Tag Archives: Dharmesh Patel

“Alice, A Virtual Theme Park”

How much you enjoy Creation Theatre’s online show might depend on how many Zoom meetings you attend. I am afraid I go to too many. But since the experience is aimed at families, who don’t have to use it for work, here’s hoping for its success. The kids I saw watching seemed to enjoy it (along with a pet dog, who was very interested at one point).

In a series of meetings (be quick clicking from one to the next) we join the characters from Lewis Carroll’s novel. The performances are committed, I enjoyed Dharmesh Patel’s Mad Hatter and Annabelle Terry’s Cook. And there are inventive touches that Tom Richardson makes the most of – for Tweedle Dum and Tweedle Dee – that are a lot of fun.

It’s all out for interactivity. There’s the chance to shout and dance, as well as a card trick someone has to help with. And, very cleverly, draw too (you watch on your computer but have a phone ready for this bit). All the cast deal well with drawing in the audience. The narrative is hard to pick out, so it might be difficult to follow without already knowing the story – maybe make it bedtime reading beforehand? And it would be nice, as well as useful, to see more of Leda Douglas’s Alice. But Zoe Seaton’s adaption effectively emphasises the craziness in the original and makes it entertaining.

While it wouldn’t be a Zoom meeting without some glitches, conversations between the characters are clearly well rehearsed and Seaton has done another good job as director. The fact remains that too many people have too many of these meetings and, even if this is a lot more fun than most, it’s an unforgiving format. Credit to Creation Theatre for making so much of the technology… it still seems like a lot of work for little result to grumpy old me.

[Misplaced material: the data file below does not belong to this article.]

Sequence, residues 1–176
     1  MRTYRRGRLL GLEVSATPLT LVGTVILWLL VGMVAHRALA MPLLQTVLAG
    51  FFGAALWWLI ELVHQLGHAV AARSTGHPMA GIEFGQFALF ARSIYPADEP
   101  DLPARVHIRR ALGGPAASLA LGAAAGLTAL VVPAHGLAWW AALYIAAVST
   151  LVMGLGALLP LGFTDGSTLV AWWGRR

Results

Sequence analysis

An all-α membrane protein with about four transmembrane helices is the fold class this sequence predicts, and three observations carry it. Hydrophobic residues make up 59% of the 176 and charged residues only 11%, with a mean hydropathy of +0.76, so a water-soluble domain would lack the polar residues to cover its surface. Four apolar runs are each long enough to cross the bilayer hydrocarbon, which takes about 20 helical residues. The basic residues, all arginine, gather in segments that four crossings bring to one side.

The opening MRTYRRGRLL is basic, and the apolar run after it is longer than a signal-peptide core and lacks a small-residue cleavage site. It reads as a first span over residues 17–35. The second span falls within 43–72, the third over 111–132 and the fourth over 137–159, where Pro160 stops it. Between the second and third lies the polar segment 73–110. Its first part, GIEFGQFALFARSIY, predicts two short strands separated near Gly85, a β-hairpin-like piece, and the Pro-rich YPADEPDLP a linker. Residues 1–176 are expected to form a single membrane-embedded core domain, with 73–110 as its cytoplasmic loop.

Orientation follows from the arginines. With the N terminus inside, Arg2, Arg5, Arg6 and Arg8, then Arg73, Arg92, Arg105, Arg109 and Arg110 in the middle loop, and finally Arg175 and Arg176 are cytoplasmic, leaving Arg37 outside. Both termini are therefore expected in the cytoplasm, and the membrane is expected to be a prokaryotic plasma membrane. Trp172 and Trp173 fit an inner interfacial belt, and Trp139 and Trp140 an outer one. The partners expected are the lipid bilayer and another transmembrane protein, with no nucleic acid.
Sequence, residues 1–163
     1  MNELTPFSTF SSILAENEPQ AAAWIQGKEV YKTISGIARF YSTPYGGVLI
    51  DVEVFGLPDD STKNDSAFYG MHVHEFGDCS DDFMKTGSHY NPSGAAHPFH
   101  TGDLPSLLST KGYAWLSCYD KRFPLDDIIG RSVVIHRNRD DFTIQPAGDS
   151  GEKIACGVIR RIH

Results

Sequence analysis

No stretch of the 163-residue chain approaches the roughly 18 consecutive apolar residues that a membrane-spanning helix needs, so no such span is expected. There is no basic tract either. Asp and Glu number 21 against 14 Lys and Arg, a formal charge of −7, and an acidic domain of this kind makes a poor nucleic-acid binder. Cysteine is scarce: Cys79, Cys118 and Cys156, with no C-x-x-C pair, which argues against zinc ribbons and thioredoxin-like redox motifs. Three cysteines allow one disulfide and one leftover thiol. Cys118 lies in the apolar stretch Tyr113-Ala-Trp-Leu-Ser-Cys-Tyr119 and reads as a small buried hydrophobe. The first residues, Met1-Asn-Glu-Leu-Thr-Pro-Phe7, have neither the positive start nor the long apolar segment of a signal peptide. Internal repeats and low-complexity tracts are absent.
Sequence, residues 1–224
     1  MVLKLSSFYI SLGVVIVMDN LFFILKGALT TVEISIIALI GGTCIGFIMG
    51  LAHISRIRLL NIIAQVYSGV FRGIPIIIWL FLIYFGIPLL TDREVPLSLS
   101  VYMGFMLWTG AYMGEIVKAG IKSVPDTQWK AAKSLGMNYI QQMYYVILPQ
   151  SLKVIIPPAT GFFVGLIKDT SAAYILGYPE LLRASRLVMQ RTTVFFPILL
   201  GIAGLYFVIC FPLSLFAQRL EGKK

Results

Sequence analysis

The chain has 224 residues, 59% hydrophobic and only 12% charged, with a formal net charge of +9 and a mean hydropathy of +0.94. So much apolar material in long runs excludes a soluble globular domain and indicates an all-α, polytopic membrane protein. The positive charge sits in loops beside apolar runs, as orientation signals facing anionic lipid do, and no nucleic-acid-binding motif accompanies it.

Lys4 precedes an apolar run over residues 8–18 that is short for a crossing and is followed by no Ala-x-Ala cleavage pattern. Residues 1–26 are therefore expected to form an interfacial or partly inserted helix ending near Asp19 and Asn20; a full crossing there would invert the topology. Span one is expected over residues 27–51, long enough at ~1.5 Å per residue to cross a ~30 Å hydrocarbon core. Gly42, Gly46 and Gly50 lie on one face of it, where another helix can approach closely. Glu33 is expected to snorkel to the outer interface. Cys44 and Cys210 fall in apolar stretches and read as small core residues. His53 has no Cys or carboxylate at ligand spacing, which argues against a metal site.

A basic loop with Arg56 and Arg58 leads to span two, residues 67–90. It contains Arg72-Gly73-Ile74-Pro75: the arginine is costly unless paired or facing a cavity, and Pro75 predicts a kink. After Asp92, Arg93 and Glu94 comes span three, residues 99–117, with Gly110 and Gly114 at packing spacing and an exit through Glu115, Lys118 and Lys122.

Until 30 August 2020


“Love’s Labour’s Lost” at the Sam Wanamaker Playhouse

One of the insights provided by the Globe’s indoor venue is the amazing acoustics early audiences could enjoy. You can hear a pin drop here; a treat used to great effect by composers James Fortune and Laura Moody, whose score is this production’s first triumph. Moody, performing her work alongside percussion and harp (Joley Cragg and Louisa Duggan, respectively), adds plenty of fun to Shakespeare’s comedy, but also a sense of experimentation and mystery – appropriate to an often puzzling play. And there’s a melancholy that understands the piece’s poetry. For the finale, a music box with a punched sheet echoes the letters that fill the play’s plot – as the paper floats around Moody’s head the look is magical, the sound haunting. I sincerely hope someone is planning to release a recording.

This cerebral play is not an easy one. Full of the conventions of courtly love, the wordplay is particularly dense. Even when parodying verbosity it is, well, verbose. It’s director Nick Bagnall’s achievement that a text neglected as unplayable feels so at home on a stage. Bagnall creates a sense of playfulness that makes this Love’s Labour’s Lost entertaining and enchanting. Toy soldiers, hobby horses to ride on and a dressing-up box create a storybook feel. The actors’ movements recall charades. It’s sweet but also sad, creating the perfect keys – major and minor – for a play where vows of chastity and love are not just celebrated but questioned, even deflated.

A sense of enjoyment in irreverence and exploration is embodied by the cast. Bagnall edits proceedings down to three couples who fall in love, but whose marriages are postponed, and they are performed with considerable fun but also an injection of cynicism. Leaphia Darko, Jade Williams and Kirsty Woodward all work hard to make a princess and her ladies-in-waiting real women. Although the roles are uneven, they feel like a matched trio. The “young bloods” who vow celibacy only to renounce it moments later are suitably ridiculous. There’s excellent comic work from Dharmesh Patel, Tom Kanji and Paul Stocker. A disguised appearance as a “mess of Russians” combines fantasy and farce beautifully.

Paul Stocker and Jos Vantyler
Paul Stocker and Jos Vantyler

Kanji and Stocker also impress as a vicar and tutor combo who Shakespeare mocks for their pretentions. This is a tough job – a lot of the jokes are arcane – but with just a touch of The Muppets‘ Statler and Waldorf, there are plenty of laughs. Nonetheless, the star turn has to be Jos Vantyler who gives an unforgettable performance as the Spaniard, Don “a mint of phrases” Armado. Vantyler’s comedy accent is superb, and that it isn’t to the detriment of the lines is a huge technical achievement. Accompanied by a page boy that we have to imagine (Vantyler gets his lines, too), he postures like a toreador and uses machismo to tip the performance into drag king territory. This fantastic interpretation is a further high note for this winning show.

Until 15 September 2018


Photos by Marc Brenner